Making Mead: Honey plus time yields a delicious beverage

We have been intending to make mead for so long that it had become something of a joke. “I’ll get to that right after we make mead.”

Then this past summer whilst cleaning the basement we realized we had nearly 14 pounds of honey … and that it was six years old.

Coincidentally, we had recently picked a large amount of elderberries. Sarah had originally intended to use the elderberries to dye yarn, and her mother, Nancy, intended to make a medicinal syrup, but they had so many elderberries they were looking for other options.

Time to make the mead… and a melomel.

making mead
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The recipe below used approximately 13.5 pounds of honey; in our case, Tunbridge World’s Fair blue-ribbon-award winning honey we got from our friend and neighbor, Chuck, which we did not want to go to waste.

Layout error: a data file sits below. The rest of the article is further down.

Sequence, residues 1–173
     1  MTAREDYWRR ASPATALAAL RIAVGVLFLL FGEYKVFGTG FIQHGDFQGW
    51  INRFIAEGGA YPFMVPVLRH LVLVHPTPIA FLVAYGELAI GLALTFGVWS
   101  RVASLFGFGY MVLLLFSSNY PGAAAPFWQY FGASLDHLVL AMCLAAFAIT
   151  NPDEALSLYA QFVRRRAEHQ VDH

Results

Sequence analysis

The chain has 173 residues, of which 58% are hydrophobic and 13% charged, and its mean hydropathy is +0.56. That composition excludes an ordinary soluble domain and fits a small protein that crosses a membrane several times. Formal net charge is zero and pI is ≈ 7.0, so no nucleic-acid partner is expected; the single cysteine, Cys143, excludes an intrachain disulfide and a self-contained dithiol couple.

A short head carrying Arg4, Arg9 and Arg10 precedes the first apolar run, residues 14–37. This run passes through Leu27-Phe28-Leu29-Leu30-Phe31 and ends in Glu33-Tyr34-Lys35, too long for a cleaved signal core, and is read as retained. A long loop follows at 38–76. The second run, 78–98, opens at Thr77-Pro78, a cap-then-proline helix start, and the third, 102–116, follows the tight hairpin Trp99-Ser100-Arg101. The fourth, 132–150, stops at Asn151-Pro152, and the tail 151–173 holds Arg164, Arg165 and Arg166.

• 13.5 pounds honey
  • Water – enough to bring the total liquid to 5 gallons
  • Yeast – Two packets of Lalvin ICV – D-47 White Wine Yeast
  • Dry Yeast Nutrient
  • 5-6 cups of elderberries (optional)


In a large kettle dissolve the honey in warm water. We decided to bring the honey water up to about 160ºF with the idea that this would make sure that the yeast we chose could flourish over any natural yeasts. I have no idea if this is the case or not. The downside to this method is that it took hours to bring the honey water back down to a temperature safe enough to pitch the yeast.

We collected our honey water in a 5-gallon glass carboy, and pitched the yeast slurry — and 1/4 tsp yeast nutrient — at around 78ºF and then added the airlock.

What’s Next?

In 30 days or so, we will separate and rack the mead to two separate vessels. In Part 2 we discuss the next steps to transform a mead into a melomel. Check out Part 2 for more details.

Published by Rick Scully

Rick is a craft brewer, shepherd, gardener, photographer, writer, tech nerd, web developer, and all around good guy.